I get lots of questions from information technology vendors and consultants regarding how best to respond to an RFI or RFP. Many are looking for a standardized RFI/RFP response template that will allow them to reduce response preparation efforts and respond to a greater number of solicitations over time.
Templates Available – To my knowledge, there are basically two types of RFX response “templates” available. The first type is merely a “shell” document that does little more than give you places to put your various items of response boilerplate. You then have to author variable content each and every time you respond to a new RFX. Not very useful. And, intstead of buying one of these templates, you could probably create one on your own in fairly short order.
The second type is less a template per se, and more like a Content Managment System (CMS) for RFX responses. The CMS approach takes more effort to set up, but it can be very useful and deliver some true efficiencies over time. For example, you could populate my eRFX tool, VendorSelect, with various text passages, text snippets, flow charts, diagrams, biographies, spreadsheets, boilerplate items, etc., and then have them available each and every time you respond to a new RFX. You can even borrow passages or other content you created for a previous response (carry it forward to your current response). The really cool thing is that you can even load a project owner’s (solicitor’s) RFX document into the tool. That let’s you pick and choose from among your stored content, and create your response to the RFX following the format of the project owner’s RFX document (which is what most project owners require). If your project owner won’t accept an electronic response, you can download and print your finished work product, and then ship it off the the project owner in paper form.
This is what I mean by CMS versus template. You’re not creating a template per se, but rather a CMS that could contain any number of templates, as well as, more importantly, content that you want to use and re-use over time. And you don’t have to use TechVendorSelect as the platform for your CMS. If your organization already has an eRFX tool, you might be able to set it up as your CMS for your RFX responses. The differences between your own eRFX tool and TechVendorSelect might include things like fewer file types supported and fewer content import and export options (including ease of use issues). However, the biggest shortcoming of other eRFX tools, when you try to use them as I describe here, is “persistence” (the ability store and retrieve information and data outside of a specific project). Most other eRFX tools will have very few persistence capabilities, if any.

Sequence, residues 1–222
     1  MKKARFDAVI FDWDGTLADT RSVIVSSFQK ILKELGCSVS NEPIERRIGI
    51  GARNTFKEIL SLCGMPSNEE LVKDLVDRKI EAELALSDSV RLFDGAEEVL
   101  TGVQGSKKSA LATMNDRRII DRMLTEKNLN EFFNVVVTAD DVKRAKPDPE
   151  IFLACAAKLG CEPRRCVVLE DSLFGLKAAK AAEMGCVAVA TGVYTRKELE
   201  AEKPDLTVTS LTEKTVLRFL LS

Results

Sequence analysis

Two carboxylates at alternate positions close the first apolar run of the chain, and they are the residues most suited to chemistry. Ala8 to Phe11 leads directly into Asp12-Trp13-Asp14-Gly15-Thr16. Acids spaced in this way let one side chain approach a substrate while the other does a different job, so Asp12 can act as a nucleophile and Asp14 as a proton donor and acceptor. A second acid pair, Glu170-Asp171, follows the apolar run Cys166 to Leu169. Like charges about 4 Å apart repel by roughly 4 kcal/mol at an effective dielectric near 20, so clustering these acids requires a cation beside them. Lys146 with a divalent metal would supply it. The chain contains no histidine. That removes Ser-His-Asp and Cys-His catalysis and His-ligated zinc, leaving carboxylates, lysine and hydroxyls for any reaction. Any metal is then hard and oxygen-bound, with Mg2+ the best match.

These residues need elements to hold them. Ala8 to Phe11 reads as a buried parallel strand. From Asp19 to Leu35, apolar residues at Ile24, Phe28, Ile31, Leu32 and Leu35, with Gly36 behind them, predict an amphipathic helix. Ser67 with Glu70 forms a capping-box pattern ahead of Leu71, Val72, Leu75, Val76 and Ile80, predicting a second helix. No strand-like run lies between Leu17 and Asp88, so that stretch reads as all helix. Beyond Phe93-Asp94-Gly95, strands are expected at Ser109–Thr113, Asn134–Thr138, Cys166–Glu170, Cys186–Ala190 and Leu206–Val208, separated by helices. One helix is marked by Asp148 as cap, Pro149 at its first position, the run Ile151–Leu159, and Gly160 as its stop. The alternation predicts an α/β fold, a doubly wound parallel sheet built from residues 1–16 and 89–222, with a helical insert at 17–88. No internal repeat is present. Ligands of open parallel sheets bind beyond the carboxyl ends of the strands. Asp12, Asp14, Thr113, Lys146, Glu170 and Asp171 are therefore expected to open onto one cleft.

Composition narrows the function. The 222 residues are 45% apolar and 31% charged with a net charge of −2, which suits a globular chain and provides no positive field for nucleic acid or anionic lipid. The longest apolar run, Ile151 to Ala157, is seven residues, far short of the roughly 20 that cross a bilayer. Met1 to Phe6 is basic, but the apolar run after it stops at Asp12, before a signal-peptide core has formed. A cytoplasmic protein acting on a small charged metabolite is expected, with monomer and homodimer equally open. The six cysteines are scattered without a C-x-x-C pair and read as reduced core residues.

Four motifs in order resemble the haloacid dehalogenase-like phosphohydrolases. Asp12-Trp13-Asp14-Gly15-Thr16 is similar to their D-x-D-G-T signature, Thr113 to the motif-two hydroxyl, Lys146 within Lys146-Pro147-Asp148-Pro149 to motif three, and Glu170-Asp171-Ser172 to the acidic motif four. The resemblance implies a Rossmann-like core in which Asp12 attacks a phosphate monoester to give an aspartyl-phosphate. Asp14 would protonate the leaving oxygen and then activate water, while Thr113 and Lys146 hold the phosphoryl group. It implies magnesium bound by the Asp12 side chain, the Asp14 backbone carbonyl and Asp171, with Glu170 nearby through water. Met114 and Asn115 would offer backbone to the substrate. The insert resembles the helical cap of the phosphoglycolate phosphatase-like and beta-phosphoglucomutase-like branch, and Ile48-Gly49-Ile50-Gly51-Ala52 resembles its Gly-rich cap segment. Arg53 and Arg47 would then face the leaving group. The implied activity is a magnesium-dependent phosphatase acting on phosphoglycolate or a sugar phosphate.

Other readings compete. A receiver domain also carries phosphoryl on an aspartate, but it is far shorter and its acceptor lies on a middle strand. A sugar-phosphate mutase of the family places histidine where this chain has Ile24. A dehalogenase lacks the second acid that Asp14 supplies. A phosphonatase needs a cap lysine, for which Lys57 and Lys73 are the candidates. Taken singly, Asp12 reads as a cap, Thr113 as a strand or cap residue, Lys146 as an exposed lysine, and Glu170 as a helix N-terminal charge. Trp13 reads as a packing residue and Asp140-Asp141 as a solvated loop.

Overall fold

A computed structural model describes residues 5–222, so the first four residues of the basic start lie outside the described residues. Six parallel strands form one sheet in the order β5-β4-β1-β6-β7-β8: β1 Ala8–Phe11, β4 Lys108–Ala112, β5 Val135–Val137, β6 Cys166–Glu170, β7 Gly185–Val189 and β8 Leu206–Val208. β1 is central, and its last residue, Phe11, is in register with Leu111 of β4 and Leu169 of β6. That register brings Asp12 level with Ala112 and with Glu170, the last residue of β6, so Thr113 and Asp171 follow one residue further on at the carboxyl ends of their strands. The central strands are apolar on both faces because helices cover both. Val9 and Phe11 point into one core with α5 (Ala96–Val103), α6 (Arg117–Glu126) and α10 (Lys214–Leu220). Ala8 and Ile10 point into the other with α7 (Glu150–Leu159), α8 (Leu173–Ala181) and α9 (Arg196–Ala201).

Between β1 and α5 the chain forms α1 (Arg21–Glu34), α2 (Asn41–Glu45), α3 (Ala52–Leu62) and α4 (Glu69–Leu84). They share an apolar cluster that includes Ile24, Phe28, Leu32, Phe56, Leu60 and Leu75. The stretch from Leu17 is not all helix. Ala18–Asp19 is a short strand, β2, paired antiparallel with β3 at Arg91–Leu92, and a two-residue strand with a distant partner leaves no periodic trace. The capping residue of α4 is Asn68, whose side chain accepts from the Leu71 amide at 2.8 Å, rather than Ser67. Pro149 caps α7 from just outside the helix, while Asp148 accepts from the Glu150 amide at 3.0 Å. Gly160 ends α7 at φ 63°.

RFX Document Is Your Response Template – Remember, regardless of whether you use a template or a CMS approach, the RFX document issued by a project owner (solicitor) provides the true template for your response. A good RFX will clearly state requested information in an intelligible and organized manner, often in an outline format with sections and various subsections. The outline in which information is requested is your outline for providing the requested information. If you can import the project owner’s RFX document into your template or CMS, great. Your life is that much easier.
Standardized or “Canned” Responses – You can help yourself a good deal by preparing standard responses to the information requested in most any RFX. For example, the “Tell Us About Your Company” and “Profile of Key Employees” provisions. Further, you can develop a set of RFX response Assumptions and Disclaimers (boilerplate items) that will apply in most any RFX response you prepare.
The caveat for using canned responses is that they must always be relevant, current and fully responsive. If a project ower asks for some simple information like, “State the number of projects you completed in the last 365 days,” it would not be a good idea to cut-and-paste your full-blown “About Us” response which, somewhere toward the end, provides the competed-project information. It would be worse still if your canned response, although elegant and otherwise informative, never even mentions completed projects. Also, make sure your canned responses contain current information about your company, its personnel, and your products and services. In other words, your canned responses must be updated from time to time.
Being Penalized – Remember, when you provide information in response to an RFX, your failure to respond to the true call of a question, or your failure to respond fully, will count against you. If the project owners’ evaluators find a number of incomplete or irrelevant responses, whether due to error on your part or the improper (lazy) use of canned responses, the evaluators will form negative impressions. Either your company is not serious about its bid because it couldn’t take the time to prepare a decent response, or even if you are serious about your bid (as may be evidenced by other portions of your response), your lack of attention to detail and error proofing will give the project owner concern.
Review Process – Regardless of whether you use standardized responses or complete each RFX response from scratch, be sure to review and proof your completed responses carefully. Takes time, yes, but it can often make the difference between passing or not passing a project owner’s initial screening process. If you only have time for a 75% effort to respond to an RFX, you should think about whether to respond at all. Maybe you could spend your time more profitably doing something else.